# RogerBW's Blog

Perl Weekly Challenge 140: Binary and Tabular 24 November 2021

I’ve been doing the Weekly Challenges. The latest involved an unusual binary encoding and indexing into a multiplication table. (Note that this is open until 28 November 2021.)

You are given two decimal-coded binary numbers, `\$a` and `\$b`.

Write a script to simulate the addition of the given binary numbers.

In other words, interpret 101 as 5, 1001 as 9, and add them to make 14, expressed as 1110.

It would have been possible to do this piecewise, taking each digit of each number, but instead I chose to write a converter between this decimal-coded notation and standard integers, particularly once I realised that the converters to and from could use basically the same code.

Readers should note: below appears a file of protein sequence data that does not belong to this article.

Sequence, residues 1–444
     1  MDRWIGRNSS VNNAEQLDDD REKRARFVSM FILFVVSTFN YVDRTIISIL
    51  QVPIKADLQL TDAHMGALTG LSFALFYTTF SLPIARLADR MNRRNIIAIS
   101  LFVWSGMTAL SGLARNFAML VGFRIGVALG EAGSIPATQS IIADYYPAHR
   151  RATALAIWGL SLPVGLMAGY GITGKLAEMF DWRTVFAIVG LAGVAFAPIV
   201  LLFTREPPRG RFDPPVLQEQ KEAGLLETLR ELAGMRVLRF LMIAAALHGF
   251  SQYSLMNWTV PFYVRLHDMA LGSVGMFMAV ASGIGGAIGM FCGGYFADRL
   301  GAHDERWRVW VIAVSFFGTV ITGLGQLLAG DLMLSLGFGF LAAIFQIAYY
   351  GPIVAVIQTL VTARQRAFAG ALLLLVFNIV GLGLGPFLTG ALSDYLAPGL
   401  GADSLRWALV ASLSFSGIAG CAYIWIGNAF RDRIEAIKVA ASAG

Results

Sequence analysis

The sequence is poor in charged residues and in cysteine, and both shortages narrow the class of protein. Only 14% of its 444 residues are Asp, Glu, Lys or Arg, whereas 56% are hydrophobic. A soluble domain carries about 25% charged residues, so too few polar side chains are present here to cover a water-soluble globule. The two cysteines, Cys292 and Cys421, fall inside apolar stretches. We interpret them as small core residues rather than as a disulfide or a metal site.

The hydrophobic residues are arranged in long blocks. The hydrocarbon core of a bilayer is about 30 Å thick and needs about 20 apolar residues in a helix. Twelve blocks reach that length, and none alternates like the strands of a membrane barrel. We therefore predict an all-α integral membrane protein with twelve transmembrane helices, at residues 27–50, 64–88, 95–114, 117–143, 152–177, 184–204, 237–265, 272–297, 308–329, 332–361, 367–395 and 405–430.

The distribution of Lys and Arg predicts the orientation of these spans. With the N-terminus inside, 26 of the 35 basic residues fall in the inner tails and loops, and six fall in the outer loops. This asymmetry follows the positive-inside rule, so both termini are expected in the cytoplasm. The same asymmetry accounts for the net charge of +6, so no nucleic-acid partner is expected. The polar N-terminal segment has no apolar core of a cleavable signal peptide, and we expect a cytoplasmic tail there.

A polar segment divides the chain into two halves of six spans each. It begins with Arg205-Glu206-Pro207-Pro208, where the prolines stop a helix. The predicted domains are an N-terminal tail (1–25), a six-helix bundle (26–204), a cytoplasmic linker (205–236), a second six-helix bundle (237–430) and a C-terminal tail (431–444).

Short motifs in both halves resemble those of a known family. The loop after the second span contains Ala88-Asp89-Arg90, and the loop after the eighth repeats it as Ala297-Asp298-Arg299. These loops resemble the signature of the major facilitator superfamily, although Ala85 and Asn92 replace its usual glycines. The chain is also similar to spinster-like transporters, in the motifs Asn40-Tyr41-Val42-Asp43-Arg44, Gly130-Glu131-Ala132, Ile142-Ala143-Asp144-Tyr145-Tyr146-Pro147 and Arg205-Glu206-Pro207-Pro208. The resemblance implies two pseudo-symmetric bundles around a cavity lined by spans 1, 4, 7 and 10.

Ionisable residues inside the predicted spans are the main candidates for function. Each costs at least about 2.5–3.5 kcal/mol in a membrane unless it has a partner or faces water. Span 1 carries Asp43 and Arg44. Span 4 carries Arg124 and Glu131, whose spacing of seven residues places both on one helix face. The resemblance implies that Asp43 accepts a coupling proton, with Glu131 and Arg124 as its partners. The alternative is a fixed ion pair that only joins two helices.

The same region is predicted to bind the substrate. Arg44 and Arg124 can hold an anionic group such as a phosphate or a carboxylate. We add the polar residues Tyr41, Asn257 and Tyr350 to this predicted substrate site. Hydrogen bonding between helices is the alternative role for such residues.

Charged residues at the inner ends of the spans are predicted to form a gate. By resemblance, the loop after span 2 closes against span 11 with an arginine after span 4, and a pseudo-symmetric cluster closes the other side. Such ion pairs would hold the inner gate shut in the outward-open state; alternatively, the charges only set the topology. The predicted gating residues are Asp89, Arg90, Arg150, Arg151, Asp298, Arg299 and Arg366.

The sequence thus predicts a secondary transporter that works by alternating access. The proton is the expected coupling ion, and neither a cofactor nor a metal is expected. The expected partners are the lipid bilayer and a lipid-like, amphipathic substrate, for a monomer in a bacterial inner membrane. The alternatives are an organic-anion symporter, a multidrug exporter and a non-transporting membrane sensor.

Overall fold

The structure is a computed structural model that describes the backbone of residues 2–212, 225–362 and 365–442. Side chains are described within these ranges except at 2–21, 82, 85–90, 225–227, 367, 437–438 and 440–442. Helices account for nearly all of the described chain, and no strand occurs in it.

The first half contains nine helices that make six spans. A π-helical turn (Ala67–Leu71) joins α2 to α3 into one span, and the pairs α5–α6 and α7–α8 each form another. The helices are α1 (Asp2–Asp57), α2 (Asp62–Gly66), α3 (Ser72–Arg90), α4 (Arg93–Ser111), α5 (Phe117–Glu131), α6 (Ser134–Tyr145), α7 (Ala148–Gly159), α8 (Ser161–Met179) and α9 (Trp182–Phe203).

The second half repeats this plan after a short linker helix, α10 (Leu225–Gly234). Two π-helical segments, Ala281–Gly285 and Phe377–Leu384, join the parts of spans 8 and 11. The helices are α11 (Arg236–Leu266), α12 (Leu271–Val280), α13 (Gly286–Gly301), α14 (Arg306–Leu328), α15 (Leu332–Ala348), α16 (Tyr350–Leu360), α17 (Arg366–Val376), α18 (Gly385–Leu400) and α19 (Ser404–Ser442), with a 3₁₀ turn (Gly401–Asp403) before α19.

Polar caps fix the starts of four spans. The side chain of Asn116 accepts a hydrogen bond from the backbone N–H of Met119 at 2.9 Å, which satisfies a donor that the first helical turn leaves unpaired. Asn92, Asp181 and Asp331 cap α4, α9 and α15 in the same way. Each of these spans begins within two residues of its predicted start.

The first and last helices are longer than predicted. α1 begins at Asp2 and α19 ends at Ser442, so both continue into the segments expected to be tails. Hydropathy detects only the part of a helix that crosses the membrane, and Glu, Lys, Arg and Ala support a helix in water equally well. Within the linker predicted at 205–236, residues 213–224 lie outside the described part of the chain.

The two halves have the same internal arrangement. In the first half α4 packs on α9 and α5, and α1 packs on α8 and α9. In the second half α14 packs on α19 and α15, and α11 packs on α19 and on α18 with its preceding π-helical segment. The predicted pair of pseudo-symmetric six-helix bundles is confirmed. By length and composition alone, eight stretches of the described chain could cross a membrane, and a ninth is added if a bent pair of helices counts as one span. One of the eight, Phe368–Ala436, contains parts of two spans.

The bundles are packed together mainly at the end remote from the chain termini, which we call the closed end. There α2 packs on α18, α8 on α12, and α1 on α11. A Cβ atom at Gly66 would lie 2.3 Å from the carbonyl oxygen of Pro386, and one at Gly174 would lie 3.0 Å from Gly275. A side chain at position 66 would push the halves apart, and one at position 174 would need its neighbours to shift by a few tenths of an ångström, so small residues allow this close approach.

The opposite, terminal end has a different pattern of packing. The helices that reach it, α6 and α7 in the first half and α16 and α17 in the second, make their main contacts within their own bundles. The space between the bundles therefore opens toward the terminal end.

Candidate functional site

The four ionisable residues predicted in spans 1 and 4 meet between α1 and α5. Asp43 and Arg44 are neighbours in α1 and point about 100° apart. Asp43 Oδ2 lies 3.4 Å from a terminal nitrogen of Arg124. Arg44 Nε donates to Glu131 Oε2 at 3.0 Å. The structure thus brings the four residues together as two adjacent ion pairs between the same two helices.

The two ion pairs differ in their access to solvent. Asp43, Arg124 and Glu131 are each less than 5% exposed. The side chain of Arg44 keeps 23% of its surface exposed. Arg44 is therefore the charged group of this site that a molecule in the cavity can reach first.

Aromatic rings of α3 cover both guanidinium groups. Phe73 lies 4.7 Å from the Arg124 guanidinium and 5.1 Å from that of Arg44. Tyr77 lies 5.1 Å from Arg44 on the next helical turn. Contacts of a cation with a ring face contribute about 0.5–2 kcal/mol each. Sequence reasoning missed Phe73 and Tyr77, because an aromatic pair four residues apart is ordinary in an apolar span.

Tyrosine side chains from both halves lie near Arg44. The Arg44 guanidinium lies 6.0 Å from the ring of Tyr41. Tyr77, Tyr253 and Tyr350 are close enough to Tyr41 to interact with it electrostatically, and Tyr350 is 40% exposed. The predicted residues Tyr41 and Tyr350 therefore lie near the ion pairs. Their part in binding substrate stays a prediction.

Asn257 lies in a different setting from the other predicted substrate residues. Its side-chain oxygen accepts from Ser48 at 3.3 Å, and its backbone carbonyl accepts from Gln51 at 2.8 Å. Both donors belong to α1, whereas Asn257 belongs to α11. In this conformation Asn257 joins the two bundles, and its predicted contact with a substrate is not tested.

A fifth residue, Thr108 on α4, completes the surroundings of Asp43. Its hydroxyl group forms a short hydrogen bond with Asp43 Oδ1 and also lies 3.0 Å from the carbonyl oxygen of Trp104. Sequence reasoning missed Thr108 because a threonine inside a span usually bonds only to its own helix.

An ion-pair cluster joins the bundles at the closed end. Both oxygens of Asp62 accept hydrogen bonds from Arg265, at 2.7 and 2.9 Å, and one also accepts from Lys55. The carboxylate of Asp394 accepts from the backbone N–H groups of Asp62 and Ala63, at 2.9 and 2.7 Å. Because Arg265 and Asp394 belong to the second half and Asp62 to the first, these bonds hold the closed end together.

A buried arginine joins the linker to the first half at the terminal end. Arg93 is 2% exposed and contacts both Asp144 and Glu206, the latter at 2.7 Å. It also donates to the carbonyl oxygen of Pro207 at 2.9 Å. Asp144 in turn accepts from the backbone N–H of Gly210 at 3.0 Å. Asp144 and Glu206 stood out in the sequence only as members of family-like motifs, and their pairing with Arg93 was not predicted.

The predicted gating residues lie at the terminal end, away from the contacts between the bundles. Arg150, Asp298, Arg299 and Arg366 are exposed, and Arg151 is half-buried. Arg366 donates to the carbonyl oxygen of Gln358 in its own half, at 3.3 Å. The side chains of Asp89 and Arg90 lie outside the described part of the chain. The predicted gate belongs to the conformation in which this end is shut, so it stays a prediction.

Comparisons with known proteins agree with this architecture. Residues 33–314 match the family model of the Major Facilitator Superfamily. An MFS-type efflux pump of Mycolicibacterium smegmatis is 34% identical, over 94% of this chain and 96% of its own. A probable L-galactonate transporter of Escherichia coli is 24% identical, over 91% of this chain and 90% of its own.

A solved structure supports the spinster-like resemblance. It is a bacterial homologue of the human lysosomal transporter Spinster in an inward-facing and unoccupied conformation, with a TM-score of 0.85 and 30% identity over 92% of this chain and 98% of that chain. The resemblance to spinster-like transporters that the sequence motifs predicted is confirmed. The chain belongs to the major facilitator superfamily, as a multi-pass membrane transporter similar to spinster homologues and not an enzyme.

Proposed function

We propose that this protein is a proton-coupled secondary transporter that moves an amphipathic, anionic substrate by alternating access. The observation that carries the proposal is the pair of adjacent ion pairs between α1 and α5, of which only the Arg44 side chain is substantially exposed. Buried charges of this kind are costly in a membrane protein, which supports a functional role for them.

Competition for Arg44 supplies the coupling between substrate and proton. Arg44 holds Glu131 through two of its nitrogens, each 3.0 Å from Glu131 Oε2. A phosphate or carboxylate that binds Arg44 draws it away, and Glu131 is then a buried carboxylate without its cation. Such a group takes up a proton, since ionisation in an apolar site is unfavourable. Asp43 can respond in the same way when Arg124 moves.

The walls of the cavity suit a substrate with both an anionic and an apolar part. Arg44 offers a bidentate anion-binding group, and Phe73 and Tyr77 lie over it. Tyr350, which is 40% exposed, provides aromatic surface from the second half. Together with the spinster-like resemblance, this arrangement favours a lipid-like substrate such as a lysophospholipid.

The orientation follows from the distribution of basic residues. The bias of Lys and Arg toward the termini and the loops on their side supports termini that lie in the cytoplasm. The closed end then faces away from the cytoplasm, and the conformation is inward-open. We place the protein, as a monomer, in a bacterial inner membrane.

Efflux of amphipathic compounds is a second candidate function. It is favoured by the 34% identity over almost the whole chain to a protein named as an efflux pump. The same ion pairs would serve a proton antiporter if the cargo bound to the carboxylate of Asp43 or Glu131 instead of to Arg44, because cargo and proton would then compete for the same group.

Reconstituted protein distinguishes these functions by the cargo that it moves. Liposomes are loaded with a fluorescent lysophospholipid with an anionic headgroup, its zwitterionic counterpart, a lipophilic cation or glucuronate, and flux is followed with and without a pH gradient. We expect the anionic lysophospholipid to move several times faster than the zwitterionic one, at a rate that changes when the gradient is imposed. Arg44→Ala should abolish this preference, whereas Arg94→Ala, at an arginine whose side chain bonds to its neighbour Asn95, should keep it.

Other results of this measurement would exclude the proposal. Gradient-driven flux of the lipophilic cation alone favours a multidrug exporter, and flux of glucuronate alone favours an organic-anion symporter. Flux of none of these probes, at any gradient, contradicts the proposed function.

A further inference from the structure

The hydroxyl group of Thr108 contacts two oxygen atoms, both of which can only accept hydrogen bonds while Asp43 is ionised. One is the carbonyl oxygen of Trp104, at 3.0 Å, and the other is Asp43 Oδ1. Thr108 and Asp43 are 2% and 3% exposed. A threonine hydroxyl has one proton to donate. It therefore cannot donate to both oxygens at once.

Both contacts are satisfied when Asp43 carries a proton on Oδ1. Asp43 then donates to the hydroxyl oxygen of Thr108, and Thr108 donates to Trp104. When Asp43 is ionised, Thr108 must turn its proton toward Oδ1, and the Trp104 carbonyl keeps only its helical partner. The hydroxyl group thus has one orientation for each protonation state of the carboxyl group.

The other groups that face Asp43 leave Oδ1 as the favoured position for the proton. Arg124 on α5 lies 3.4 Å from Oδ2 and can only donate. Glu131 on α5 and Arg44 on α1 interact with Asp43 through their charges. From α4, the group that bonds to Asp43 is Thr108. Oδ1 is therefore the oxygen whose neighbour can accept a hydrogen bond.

Raku:

``````sub cvradix(\$n,\$r,\$tf) {
my \$o=0;
my \$nn=\$n;
my \$m=1;
my \$ra;
my \$rb;
if (\$tf==0) { # convert to radix-format
\$ra=\$r;
\$rb=10;
} else { # convert from radix-format
\$ra=10;
\$rb=\$r;
}
while (\$nn > 0) {
\$o+=(\$nn % \$ra)*\$m;
\$nn=floor(\$nn/\$ra);
\$m*=\$rb;
}
return \$o;
}
``````

Then the function itself is trivially:

``````sub dcbadd(\$a,\$b) {
}
``````

and the other languages all work basically the same way.

You are given 3 positive integers, `\$i`, `\$j` and `\$k`.

Write a script to print the `\$k`th element in the sorted multiplication table of `\$i` and `\$j`.

I could do various optimising tricks (for example, there's no point in calculating beyond `k*k`) but the simplest approach seemed to in avoiding prepature optimisation: just work out the actual multiplication table, sort it, and then index into it. Rust, as an example:

``````fn mtable(i: u32,j: u32,k: usize) -> u32 {
let mut l=vec![];
for ix in 1..=i {
for jx in 1..=j {
l.push(ix*jx);
}
}
l.sort();
return l[k-1];
}
``````

Full code on github.